There is a lot of hand-wringing among observers of the business-school scene these days.  At the recent Thinkers50 awards ceremony in London, no less an eminence than Clayton Christensen (rated the world’s #1 Management Thinker and a big observer of the disruptive scene) proclaimed that those of us in the business-school orbit should "be very worried" about the future of business programs.  Six months after the esteemed professor earned tenure at Harvard in 1999, in fact, he began to predict the demise of the entire enterprise, much to the chagrin of his Dean.

But bad news for the traditional way that business schools have operated may well mean great news for startups. Business schools, as we know them today, enjoyed a period of explosive growth beginning in the 1970s right through the 2000’s, in many cases paralleling the expansion of financial services as a portion of the total economy.  Indeed, if you chart the growth of finance and the growth of MBA admissions, they follow almost identical curves. If a student got into business school, particularly a top-tier one, they were practically guaranteed a big salary bump upon graduation, especially if they got on the train headed straight for Wall Street.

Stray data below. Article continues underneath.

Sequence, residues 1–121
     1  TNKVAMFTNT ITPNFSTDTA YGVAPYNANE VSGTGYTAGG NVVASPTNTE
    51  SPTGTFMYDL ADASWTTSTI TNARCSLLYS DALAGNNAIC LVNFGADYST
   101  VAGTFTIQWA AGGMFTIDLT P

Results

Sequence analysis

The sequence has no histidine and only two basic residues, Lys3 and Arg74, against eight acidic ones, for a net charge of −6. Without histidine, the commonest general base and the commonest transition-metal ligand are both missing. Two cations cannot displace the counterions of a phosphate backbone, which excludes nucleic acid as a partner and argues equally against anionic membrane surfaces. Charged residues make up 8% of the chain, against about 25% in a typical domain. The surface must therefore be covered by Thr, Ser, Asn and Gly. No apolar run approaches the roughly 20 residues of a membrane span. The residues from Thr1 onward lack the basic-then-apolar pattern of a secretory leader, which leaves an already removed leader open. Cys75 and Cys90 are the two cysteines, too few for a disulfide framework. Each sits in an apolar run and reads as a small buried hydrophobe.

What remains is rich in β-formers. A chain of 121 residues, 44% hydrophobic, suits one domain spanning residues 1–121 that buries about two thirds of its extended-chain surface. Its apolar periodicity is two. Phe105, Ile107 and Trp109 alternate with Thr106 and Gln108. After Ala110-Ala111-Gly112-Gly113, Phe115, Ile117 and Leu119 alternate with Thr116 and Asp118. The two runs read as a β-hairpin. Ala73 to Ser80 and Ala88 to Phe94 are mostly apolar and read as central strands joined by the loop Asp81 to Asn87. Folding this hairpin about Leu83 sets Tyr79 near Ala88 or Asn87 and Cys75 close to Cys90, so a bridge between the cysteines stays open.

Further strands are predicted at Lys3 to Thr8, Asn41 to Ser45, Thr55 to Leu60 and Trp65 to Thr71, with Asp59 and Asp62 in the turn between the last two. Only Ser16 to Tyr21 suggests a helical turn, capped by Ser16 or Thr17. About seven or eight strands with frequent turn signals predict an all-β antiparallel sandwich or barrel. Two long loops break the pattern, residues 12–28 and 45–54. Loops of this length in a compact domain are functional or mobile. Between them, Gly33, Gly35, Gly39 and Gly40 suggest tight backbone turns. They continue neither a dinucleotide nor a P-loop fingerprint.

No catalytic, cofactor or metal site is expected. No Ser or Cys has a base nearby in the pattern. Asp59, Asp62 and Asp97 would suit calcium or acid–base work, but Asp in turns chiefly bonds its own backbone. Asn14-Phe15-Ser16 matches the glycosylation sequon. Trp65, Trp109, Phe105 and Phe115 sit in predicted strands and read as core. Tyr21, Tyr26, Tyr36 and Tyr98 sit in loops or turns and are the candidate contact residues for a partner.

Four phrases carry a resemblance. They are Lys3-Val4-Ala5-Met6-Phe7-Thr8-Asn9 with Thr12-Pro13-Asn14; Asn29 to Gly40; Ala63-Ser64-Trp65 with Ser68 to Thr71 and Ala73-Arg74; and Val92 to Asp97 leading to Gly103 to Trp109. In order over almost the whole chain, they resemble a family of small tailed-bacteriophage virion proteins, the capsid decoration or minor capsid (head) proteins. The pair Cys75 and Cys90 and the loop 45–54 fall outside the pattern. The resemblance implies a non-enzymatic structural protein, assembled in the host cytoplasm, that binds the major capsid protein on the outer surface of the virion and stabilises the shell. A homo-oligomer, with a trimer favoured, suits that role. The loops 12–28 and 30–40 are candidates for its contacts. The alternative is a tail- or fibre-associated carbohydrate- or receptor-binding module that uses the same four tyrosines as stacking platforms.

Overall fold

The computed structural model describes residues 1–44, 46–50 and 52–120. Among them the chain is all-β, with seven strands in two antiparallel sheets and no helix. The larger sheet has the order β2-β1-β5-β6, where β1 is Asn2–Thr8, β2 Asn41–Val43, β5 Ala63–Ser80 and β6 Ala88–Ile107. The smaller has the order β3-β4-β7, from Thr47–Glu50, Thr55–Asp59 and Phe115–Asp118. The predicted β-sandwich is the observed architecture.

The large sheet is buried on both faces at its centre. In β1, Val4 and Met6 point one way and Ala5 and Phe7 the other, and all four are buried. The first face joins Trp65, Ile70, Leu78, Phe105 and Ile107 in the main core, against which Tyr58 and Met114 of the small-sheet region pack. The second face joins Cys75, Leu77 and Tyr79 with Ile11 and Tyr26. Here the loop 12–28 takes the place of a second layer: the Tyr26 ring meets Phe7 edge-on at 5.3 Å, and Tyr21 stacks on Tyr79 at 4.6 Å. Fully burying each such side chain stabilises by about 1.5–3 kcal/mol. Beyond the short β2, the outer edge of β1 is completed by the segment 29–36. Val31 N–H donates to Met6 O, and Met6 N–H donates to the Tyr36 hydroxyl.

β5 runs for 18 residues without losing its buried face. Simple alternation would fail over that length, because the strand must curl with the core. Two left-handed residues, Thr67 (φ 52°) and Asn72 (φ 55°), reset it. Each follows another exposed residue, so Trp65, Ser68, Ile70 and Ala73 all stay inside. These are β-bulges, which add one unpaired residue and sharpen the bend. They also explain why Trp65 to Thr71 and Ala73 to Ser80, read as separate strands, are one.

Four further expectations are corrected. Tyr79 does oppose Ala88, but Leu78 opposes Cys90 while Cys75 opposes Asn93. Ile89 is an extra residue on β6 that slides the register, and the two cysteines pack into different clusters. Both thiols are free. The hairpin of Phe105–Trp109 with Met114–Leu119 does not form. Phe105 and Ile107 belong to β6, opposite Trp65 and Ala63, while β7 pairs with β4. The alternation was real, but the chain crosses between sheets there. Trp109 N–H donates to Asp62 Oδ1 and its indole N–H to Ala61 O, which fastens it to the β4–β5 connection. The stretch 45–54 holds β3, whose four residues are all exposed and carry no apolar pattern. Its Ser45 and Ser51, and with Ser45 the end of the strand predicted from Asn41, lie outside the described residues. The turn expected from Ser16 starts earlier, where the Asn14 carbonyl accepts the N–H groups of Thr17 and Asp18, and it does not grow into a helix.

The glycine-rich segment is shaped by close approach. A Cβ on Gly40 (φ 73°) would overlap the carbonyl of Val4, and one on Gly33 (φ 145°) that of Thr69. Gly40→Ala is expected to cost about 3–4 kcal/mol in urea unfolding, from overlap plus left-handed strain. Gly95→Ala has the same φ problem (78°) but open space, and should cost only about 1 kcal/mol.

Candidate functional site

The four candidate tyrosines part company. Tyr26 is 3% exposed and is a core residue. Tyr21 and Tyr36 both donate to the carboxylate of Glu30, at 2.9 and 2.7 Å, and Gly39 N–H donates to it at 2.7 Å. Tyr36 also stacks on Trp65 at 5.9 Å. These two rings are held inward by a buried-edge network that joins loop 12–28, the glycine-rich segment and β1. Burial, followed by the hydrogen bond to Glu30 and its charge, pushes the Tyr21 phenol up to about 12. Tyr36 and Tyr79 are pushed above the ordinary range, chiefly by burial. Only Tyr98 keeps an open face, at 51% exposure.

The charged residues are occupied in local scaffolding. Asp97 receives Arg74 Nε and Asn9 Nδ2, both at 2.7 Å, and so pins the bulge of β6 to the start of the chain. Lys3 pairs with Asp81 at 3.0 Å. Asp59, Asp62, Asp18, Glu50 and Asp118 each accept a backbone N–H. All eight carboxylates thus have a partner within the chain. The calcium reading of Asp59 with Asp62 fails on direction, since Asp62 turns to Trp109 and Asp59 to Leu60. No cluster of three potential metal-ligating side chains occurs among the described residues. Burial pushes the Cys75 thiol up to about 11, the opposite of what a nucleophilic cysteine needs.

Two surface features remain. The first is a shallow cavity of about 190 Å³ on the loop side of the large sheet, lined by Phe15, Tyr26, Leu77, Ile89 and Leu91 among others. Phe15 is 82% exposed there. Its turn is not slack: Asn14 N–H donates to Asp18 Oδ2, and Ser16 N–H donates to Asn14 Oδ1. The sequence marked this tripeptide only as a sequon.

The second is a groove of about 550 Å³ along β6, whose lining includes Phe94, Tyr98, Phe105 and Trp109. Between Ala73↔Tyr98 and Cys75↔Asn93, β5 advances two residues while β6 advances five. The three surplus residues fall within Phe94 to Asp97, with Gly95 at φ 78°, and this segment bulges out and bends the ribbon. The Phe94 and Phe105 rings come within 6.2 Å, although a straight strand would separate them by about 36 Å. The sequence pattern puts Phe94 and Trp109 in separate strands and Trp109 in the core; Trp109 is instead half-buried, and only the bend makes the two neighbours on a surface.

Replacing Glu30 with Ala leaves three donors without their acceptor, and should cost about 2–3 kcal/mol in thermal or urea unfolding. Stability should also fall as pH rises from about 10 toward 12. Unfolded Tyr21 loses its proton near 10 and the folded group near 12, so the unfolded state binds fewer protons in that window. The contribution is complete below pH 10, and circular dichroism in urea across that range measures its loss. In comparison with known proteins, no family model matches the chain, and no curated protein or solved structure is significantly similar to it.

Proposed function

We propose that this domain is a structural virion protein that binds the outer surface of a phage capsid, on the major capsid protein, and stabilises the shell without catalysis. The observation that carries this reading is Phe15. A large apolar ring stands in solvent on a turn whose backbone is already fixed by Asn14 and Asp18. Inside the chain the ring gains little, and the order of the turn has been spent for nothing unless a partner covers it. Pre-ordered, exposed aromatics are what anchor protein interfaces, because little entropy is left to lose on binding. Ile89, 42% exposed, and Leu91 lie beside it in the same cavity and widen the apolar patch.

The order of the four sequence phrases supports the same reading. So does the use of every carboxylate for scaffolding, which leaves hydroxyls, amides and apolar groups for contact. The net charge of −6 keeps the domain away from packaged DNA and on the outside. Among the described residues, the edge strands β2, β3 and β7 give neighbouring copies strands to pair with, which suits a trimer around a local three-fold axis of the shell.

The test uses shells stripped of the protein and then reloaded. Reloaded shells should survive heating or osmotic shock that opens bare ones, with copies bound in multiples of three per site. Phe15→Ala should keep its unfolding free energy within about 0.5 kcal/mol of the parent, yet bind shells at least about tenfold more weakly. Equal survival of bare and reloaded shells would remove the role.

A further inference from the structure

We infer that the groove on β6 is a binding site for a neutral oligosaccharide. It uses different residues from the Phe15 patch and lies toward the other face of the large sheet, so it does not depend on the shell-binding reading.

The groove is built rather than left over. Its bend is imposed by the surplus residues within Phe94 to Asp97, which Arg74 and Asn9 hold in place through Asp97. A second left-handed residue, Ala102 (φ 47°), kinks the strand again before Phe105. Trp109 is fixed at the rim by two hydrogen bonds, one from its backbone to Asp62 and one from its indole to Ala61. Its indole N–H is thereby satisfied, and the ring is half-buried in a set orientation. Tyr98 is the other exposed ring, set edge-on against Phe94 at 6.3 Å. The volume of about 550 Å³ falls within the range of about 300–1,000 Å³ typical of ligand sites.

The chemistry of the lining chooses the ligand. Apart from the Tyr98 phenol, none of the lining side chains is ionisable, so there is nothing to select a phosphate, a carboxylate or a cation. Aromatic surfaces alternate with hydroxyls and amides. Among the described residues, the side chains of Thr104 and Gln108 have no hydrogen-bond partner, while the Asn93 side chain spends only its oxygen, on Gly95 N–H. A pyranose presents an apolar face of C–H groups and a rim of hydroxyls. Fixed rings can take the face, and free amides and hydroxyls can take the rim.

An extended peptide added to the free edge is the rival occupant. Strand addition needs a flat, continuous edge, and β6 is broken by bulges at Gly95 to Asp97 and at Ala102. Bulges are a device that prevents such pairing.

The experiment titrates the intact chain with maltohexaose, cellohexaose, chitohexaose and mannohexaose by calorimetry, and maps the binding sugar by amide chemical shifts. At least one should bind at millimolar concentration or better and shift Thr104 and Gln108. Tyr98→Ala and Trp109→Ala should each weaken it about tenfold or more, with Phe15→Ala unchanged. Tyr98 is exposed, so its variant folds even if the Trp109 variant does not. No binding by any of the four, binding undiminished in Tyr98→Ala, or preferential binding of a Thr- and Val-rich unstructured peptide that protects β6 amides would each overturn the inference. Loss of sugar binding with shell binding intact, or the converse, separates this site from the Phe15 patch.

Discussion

One of the unintended consequences of both the boom in the financial services sector and the rise of the MBA as a hot credential is that it sucked a lot of talent out of other sectors-- and out of businesses that actually produce things.  That era now seems to be at an end.  The Wall Street Journal recently reported on findings from Michigan State University’s Collegiate Employment Research Institute, which found that hiring for financial services at the undergraduate level is expected to be "down by 40% across all degree programs." The forecast for those with an MBA is even worse: The report suggests a 58% drop in the posts offered by financial services firms for those with the degree.

But the implosion in financial-services jobs has triggered a fascinating new development: business schools are discovering entrepreneurship in a big way.  While such programs have existed since the '80s, the entrepreneurship curricula was always seen as a niche.  Indeed one of my professors at Wharton used to complain that the admissions office systematically discriminated against the independent non-team working students who had what it takes to start a business.  Well, no more.  Schools are promoting entrepreneurship and investing serious resources in making employment at smaller, growing businesses a viable career option. My own school has launched an incubator, the Columbia Business Labs, a co-working space for (get this!) MBA graduates. 

So, if you’ve been thinking that no MBA from an elite school would deign to look at opportunities with your company, you might want to revisit that assumption.  Your growing business may be the destination of choice for some of the best and brightest we’ve got.